Waiting it Out; Giving it Up



207.7 pounds
28.4% body fat

1198 calories against a budget of 1751
15,582 steps

When I lost 54 pounds last year I was stuck at 207-something for over two weeks.  I increased my excercise intensity, I decreased calories, I decreased intensity and added time, I cut sugars down to 15 grams per day, I increased protein…nothing.  Stuck.  Plateau.  I was 207.7 on the 7th of May and 207.0 on the 21st.  I don’t know what finally pushed me out of it–but by June 03rd I was 199.5

In this new push to get from 218 pounds to 175 (or body fat of 12%–whichever comes first) I have stalled again at the 207 something mark.  I’ve been here since the 02nd.  I’m not going crazy with a diet and exercise shake-up this time,  I’m hoping it will just pass.  I have started the weight training so that should help, shouldn’t it?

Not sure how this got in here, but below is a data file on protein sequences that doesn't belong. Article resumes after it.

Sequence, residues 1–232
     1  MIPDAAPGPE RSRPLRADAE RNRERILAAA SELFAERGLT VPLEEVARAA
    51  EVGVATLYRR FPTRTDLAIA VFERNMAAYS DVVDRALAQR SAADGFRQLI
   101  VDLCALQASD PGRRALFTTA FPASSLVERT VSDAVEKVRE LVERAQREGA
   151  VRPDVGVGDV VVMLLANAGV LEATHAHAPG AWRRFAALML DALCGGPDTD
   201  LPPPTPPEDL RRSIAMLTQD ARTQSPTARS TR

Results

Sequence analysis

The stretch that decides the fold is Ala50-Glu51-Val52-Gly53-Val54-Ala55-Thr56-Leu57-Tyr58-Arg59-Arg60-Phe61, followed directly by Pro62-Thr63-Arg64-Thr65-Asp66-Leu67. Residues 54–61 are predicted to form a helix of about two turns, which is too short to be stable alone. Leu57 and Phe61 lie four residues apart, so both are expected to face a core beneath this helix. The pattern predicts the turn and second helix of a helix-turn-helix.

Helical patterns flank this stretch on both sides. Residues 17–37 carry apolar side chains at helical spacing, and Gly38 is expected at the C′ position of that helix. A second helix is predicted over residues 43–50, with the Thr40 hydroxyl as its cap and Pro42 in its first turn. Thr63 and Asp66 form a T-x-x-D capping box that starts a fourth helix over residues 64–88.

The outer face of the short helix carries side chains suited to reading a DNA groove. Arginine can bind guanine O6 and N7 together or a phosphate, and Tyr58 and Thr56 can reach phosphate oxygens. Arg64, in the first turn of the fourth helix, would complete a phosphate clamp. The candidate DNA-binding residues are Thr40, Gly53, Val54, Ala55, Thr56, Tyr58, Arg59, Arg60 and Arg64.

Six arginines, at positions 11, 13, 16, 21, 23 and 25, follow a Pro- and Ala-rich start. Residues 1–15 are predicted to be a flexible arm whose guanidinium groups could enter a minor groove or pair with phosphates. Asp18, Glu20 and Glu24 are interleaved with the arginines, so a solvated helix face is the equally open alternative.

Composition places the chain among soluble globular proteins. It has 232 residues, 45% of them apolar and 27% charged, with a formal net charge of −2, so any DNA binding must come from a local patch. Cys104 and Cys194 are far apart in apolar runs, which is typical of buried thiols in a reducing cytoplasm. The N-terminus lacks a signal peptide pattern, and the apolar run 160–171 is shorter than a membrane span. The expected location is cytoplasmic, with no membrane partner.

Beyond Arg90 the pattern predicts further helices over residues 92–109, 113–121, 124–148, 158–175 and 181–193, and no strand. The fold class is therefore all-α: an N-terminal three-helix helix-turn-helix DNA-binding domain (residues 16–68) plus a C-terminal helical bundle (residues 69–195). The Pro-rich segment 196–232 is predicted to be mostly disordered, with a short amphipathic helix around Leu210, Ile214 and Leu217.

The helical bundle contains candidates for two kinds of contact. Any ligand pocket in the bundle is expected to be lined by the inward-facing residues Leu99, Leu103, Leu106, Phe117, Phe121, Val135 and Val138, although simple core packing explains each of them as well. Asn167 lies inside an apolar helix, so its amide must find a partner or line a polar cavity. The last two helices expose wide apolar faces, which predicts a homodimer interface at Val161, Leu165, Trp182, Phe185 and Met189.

And to confess, I had a birthday last week, too, annnnnnnd I might have had a sip or two of wine.  If sip=bottle.  If bottle=case.  Okay, I didn’t have that much.  But alcohol is both a trigger for carbs for me and I certainly don’t need the empty calories.  Today, though, is Thursday after Ash Wednesday, and though I am not a particularly religious person I have–for as long as I can remember–given up something for Lent.  This year, that something is alcohol, and I am very sure that by Easter we’ll have seen that that’s made a difference to me.

It’s been a good week so far, lifting every day then hitting the treadmill afterward for 45 minutes.  I need to figure out some ab and glute exercises to work into my days and do some research on protein amounts and timing, but I feel like I’m on the right track.  Despite the plateau.  I’ll get there.